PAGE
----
Initially it was about having fun. Now it is about winning tournaments.

"She really walks around like she is a pro," DeAndre said. Maybe that's because she is a pro, having made it official a few months earlier.

This year has been a dream come true. Osuigwe had ended 2016 at No. 111 in the ITF junior girls' rankings, and victories on clay in Brazil and Paraguay early in 2017 not only prepared her for the surface at Roland Garros, but propelled her into the top 25. The French Open triumph vaulted her to No. 2 in the world.

"I have been working on a couple of tactical things like opening up the court more, moving in and serving better, and I saw myself improve in the last year," said Osuigwe, who likens her style to that of former world No. 1 Victoria Azarenka.

The French Open triumph did not come easy for Osuigwe, the ninth-youngest champion in the tournament's history and the first American to win the event since Jennifer Capriati in 1989. She endured three three-setters on her way to the June 10 final against fellow American Claire Liu, who is 17 years old and had crushed Osuigwe 6-1, 6-1 in a tournament just two months earlier. After splitting the first two sets of the rematch, with Liu winning the second in a tiebreaker, Osuigwe ran out to a 5-1 lead in the final set before finishing off a 6-4, 6-7 (5), 6-3 victory.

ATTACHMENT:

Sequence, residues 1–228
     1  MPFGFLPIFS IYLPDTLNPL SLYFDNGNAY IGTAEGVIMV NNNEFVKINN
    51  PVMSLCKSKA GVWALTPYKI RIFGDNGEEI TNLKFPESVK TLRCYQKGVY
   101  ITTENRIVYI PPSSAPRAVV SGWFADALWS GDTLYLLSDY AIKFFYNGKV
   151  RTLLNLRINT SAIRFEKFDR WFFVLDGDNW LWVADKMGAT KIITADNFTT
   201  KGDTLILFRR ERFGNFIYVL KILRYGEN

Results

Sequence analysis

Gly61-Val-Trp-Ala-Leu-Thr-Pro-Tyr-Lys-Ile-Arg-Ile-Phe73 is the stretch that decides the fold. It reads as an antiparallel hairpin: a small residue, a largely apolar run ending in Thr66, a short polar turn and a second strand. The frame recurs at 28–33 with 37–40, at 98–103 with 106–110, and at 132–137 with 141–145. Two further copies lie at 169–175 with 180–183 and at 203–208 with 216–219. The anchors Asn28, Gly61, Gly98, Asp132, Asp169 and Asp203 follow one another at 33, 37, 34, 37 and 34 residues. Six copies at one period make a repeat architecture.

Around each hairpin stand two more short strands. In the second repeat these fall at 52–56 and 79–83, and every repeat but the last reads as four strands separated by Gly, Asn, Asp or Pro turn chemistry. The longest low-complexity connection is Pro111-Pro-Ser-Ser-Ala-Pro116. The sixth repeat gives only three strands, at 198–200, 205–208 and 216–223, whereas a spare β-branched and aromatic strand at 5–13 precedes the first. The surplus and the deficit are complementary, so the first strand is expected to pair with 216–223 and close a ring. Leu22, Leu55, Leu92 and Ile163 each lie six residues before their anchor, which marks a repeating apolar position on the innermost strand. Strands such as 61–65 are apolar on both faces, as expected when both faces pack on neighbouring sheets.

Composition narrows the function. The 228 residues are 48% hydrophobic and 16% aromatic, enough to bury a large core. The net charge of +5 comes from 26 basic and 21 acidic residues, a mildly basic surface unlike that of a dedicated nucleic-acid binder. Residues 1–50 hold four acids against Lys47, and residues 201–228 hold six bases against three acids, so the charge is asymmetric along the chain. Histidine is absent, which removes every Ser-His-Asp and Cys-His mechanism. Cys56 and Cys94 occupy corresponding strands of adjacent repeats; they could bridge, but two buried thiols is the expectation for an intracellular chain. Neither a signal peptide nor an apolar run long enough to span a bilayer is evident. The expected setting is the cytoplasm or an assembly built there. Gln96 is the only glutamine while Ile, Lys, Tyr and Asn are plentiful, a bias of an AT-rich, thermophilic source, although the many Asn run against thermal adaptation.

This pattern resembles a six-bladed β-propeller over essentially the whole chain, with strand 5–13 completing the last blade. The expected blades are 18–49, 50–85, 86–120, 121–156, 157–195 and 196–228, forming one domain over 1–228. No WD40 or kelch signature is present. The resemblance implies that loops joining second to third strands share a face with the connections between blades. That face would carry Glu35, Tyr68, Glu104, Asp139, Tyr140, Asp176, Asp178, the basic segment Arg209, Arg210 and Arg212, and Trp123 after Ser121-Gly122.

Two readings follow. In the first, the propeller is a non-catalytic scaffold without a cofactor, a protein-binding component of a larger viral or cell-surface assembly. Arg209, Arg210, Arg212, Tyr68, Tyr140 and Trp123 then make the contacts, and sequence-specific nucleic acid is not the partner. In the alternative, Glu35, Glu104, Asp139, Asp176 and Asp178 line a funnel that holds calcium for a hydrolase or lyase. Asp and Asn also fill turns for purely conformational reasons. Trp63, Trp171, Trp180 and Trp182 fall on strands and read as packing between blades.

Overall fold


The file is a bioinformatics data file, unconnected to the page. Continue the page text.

"Many players play it safe when they are down, but Whitney thrives off of the pressure," Zesinger said. "She knows how to play risky tennis in pressure situation."

A lot of young players let the pressure get to them before a big tournament, but Osuigwe oozes calmness unlike anybody else whom her coaches or teammates have seen. And she rarely has mental lapses that lead to a string of bad points.

"You have to stay incredibly focused when you play her," IMG teammate Kylie Mullaney said. "She is consistent but she attacks at the same time."

With fresh confidence from winning in Paris, Osuigwe heads into the Wimbledon junior tournament looking to replicate her clay-court performance on a new surface. In her first grass-court season, Osuigwe will compete in the Roehampton junior event before heading to London to warm up ahead of Wimbledon, where the girls' main draw begins July 8.

It won't just be the surface that will make Wimbledon a new challenge for Osuigwe. As a Grand Slam champion, you can bet her opponents will be extra motivated to take her down.

"Sometimes, the greatest success happens when you kind of go into situations that is a little unknown, and she doesn't have any expectations on how she plays on grass, and so I think it will be a great experience for her," Zesinger said.

After Wimbledon, Osuigwe will get ready for hard-court season and the U.S. Open. And then 2018 will be a crucial year as she furthers her transition from juniors to the highest level of pro tennis.

When she turns 16 next April, she will no longer be limited to participating in 10 women's tournaments a year. Once she can play regularly and her WTA ranking is high enough, she'll be able to enter the qualifying rounds of Grand Slam women's tournaments.

Osuigwe's dream: to win the French Open women's singles title.

"I see her winning at least two or three Grand Slams, and I will be there to cheer her throughout," Mullaney said.